This is something that occurs in any machine learning problem. So the way we approach them, the techniques that we use here, can be applied elsewhere.
Even though your training data may cover 99% of the things that you're likely to see on the road, that's not enough. Let's say 99.9% of the time your car does what it needs to do. Now imagine you have a million cars driving around in various cities. Even if your vehicles are stopping at a red light 99.9% of the time, those million vehicles may encounter thousands of red lights per day. That's thousands of possible accidents. So your training data has to cover all of the edge case scenarios that you may possibly encounter.
Q: What is the usual workflow for developing an AI-enabled computer vision system for an AV?
An ML researcher or team first determines what information it needs to solve the problem, such as detecting something like a truck in the environment and controlling a vehicle to avoid it. Then they start prototyping, usually modifying an existing machine learning model, reformulating parts of it to give the desired output. Iteration is the key. Nobody ever comes up with a perfect model on the first try, and iteration is standard engineering practice.
Q: How does model iteration typically happen?
Finding the best way forward is a huge challenge. In school, we were taught to tune the hyper-parameters of the model, such as the weight to assign to the output of each learning node or how many times you train each iteration of the model. But sometimes, to reduce or eliminate edge cases, you have to change the problem you’re trying to solve.
Sometimes the problem is not even formulated correctly. You might have to rehash your problem into a new thing. Maybe you keep your data entirely the same, but instead of trying to predict this kind of behavior or trying to predict this signal, you try to predict something else.
Q: Can you give an example of how you change the problem you’re trying to solve in order to reduce or eliminate an edge case?
At one company, we were working to train the algorithm for detecting lane markers on the road to guide vehicle trajectories. Our first approach was to detect the lane markers in two dimensions and then reproject these into 3D. But after many months of tuning the network and the geometric logic, we still had issues with inaccurate lanes. Instead, as a team, we started exploring approaches that would directly infer lane geometry using a top-down view, which bypassed the projection problem altogether and gave us better results in the long run. Of course, changing the problem formulation isn’t always a magic bullet, but it may give you different or fewer edge cases and a different way forward if one path is blocked.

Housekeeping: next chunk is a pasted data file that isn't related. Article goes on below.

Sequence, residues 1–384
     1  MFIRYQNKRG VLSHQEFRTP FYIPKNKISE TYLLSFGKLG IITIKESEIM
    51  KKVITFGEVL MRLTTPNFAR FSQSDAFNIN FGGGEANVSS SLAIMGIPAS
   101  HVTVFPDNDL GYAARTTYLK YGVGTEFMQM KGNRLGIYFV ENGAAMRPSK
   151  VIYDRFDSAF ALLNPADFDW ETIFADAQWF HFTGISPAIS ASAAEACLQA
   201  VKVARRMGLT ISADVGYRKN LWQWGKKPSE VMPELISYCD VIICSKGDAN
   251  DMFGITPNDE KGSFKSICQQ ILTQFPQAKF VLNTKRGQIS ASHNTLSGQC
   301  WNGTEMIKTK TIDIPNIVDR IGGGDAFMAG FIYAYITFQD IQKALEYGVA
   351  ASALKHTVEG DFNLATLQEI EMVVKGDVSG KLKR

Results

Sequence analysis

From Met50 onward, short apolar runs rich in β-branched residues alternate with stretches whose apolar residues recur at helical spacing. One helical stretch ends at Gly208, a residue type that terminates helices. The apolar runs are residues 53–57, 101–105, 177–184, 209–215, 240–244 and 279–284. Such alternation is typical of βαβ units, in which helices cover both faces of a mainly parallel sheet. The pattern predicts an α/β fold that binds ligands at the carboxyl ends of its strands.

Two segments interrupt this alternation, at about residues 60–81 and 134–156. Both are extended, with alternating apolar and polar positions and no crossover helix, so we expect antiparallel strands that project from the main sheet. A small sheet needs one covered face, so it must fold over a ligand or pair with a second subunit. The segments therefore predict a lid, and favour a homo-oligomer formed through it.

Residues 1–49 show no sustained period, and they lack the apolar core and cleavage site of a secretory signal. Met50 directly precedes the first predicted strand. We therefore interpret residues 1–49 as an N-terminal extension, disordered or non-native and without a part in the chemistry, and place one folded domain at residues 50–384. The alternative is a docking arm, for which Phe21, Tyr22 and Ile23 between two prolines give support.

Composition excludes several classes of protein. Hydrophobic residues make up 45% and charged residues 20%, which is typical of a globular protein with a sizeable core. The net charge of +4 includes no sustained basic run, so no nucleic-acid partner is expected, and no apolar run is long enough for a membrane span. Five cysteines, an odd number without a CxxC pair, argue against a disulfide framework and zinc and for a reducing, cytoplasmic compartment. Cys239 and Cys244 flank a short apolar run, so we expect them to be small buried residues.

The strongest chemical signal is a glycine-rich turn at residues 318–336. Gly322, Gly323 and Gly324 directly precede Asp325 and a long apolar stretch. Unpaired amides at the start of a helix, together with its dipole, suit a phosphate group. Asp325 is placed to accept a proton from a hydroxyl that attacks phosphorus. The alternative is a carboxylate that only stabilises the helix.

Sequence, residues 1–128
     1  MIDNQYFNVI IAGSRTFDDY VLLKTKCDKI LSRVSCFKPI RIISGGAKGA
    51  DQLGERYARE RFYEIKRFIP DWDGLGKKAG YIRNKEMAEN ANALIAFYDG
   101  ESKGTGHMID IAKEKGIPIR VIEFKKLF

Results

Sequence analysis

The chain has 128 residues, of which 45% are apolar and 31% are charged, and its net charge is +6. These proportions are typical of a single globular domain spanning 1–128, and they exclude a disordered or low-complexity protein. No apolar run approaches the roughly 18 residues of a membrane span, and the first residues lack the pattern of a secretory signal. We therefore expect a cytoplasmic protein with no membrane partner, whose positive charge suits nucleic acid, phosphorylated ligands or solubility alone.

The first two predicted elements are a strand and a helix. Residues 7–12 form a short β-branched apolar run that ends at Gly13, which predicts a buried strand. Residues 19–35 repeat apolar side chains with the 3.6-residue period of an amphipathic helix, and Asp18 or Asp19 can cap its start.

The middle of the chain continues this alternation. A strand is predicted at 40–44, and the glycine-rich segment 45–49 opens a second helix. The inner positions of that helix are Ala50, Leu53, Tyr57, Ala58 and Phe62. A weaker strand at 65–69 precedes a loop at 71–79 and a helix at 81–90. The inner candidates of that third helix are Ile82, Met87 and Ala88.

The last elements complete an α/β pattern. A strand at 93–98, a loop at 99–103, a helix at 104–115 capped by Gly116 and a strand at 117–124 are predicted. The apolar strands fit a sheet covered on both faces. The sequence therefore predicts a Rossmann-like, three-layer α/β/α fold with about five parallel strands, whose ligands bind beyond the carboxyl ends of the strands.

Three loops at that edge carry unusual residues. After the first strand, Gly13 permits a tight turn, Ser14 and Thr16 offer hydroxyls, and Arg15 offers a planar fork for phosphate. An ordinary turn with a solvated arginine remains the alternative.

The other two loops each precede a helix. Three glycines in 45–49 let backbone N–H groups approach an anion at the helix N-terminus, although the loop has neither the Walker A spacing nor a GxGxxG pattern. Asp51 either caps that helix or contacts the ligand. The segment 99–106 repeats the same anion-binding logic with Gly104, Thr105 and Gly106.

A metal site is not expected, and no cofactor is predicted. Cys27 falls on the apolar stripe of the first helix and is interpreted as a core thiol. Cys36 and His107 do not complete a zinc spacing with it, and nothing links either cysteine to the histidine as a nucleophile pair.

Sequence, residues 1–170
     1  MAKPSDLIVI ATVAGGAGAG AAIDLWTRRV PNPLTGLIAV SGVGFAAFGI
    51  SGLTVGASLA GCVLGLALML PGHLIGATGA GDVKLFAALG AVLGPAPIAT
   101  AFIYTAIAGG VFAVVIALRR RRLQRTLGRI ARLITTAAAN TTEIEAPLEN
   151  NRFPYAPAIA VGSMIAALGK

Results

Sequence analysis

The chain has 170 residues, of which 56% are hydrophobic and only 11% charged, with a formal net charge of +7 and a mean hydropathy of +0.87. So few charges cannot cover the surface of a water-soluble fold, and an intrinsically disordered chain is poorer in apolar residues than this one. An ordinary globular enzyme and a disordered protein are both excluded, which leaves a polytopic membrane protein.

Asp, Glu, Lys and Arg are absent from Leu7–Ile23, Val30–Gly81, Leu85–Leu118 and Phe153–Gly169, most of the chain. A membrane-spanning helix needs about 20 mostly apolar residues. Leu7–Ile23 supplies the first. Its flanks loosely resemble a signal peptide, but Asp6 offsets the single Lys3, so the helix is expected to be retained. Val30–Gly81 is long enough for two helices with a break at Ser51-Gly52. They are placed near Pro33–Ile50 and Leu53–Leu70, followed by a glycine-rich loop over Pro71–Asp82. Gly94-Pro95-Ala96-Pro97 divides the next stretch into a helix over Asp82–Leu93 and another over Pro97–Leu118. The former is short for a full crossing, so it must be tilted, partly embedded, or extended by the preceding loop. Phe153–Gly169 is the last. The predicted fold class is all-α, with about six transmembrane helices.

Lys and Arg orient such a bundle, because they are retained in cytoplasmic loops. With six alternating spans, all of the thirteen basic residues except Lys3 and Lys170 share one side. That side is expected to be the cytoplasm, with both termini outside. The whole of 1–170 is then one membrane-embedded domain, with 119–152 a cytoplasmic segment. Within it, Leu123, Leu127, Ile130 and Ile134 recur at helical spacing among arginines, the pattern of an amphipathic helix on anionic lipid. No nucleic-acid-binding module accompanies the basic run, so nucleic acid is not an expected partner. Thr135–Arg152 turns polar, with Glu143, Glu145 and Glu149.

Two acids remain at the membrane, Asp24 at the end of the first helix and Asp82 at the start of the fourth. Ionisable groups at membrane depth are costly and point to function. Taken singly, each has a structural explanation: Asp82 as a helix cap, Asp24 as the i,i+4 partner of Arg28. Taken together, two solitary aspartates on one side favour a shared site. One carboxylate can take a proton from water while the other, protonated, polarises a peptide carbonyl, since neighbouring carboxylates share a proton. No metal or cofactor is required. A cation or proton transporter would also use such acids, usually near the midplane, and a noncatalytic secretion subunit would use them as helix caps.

But I’ve also learned that sometimes your model isn't the problem.
Q: If not the model, what else might need to change?
Often you have to change the dataset that you’re using to train the model. You might need to add data that is underrepresented, such as that required to train the model for edge cases like uncommon obstacles.
Q: What kind of data do AV companies use to train AVs?
While some companies are adding newer types of data, such as from LiDAR (light detection and ranging), in general it consists of images that are labeled to indicate what the object is. For example, if you’re trying to build an algorithm that can detect cars, you need humans to draw a box around the cars or find those labeled images from another source. Then you need to segment the image, to understand which pixels correspond to roads, buildings, vehicles, to all sorts of classes of objects. Getting this data en masse is probably one of the biggest roadblocks to establishing a successful ML team.
Q: What kind of data is needed for edge cases?